Why do we have to pay the interest on the national debt and not the debt itself?

I’ve heard that the government has to pay various nations the interest on their share of the deficit. Why do we have to pay the interest every year, but the entire massive hole of money doesn’t need to be plugged?

For the same reason that if you have a credit card, you can get away with paying the interest on the credit card every month and not the principal without worrying about collection agencies or your credit rating.

The US has a certain amount of debt (not deficit…the budget deficit is the amount of money the government spends over the amount it takes in…the debt is the total amount of money the government owes), in bonds, treasury notes, and T-bills. When this debt becomes due, they can keep on recycling it, by issuing new treasury notes and T-bills to pay off the old debt.

Huh. I want a card from your company. On my cards and on the cards that I work with just paying the interest isn’t going to cut it. Minimum payments are anywhere from 2 to 5% of the balance and monthly finance charges usually are at about 1.5%.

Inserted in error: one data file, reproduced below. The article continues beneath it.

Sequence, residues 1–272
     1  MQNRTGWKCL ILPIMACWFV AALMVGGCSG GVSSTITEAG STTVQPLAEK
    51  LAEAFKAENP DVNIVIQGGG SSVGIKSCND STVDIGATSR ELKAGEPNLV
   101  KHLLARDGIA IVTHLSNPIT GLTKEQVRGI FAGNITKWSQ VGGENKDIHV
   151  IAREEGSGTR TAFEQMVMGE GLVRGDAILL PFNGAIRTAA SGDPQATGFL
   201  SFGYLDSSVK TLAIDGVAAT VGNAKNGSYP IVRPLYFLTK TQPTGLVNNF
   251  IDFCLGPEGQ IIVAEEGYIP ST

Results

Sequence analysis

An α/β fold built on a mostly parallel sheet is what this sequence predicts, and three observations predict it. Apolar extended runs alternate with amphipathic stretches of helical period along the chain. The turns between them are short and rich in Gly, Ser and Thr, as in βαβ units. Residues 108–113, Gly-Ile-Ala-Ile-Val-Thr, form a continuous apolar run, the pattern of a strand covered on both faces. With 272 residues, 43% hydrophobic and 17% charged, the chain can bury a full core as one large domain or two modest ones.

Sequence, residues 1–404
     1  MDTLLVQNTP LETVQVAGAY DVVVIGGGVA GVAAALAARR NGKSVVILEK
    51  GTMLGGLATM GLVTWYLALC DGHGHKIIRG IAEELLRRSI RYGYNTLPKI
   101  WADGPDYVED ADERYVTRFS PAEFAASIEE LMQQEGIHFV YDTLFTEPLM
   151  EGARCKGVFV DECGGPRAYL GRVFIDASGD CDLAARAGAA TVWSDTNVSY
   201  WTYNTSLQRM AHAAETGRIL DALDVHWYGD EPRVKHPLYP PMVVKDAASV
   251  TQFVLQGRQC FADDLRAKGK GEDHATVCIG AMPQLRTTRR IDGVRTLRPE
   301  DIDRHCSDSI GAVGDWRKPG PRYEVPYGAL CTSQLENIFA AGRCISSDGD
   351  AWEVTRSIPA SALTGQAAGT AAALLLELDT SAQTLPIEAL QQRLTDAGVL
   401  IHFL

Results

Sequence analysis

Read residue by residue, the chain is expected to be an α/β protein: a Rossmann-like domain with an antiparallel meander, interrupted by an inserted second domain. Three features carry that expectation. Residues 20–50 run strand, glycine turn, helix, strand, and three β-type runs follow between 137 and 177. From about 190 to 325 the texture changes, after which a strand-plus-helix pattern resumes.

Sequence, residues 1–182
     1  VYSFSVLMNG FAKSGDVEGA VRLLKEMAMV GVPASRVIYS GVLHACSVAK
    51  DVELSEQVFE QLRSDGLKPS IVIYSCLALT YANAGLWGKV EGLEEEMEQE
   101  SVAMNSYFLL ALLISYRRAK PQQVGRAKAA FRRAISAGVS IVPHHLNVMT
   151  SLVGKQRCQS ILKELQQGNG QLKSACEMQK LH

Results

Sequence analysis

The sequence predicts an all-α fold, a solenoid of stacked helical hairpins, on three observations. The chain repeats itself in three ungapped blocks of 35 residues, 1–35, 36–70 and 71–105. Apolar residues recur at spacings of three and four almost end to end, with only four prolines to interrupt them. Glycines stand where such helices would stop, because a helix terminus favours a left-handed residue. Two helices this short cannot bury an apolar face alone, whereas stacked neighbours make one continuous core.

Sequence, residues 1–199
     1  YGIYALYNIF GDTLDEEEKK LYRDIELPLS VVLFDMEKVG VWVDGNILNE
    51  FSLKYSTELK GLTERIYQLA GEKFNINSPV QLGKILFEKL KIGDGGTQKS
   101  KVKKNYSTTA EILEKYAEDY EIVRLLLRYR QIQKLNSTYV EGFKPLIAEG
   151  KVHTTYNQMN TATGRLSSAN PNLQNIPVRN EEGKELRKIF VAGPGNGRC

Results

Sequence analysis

Those are the rules set by the lender. Uncle Sam has made an agreement with it’s lenders that he will only pay the interest until the entire note is due-then he pays in full. An “interest only” mortgage is exactly the same.

If lenders insisted on receiving some of their principal over time, I am sure Uncle would accomodate them. It is all paid back with borrowed money after all. Doesn’t matter to Uncle how people want to think of the payments.

The only potential problem is if for some reason lenders would decide not to refinance the debt. Happens regularly to various smaller gov’ts. It has never happened to Uncle Sam, but it might. Then I guess it is sheriff’s sale time! :).

The debt DOES have to be repaid. We just reissue new bonds and notes to replace the ones that are redeemed. It’s called rolling the debt over. Many people do the same thing with their credit cards. They pay the monthly payments each month, which includes some principle payment, and then charge more so that the principle owed has not decreased. That’s your Federal Government at work.

Don’t forget that, for the lenders, the interest on each piece of debt is a nice income. They may not want the debt to be paid back.

Especially since the “lenders” are note holders, bond bearers, etc., that is, little old ladies who like their fixed retirement income and don’t want to have to renegotiate it. :slight_smile: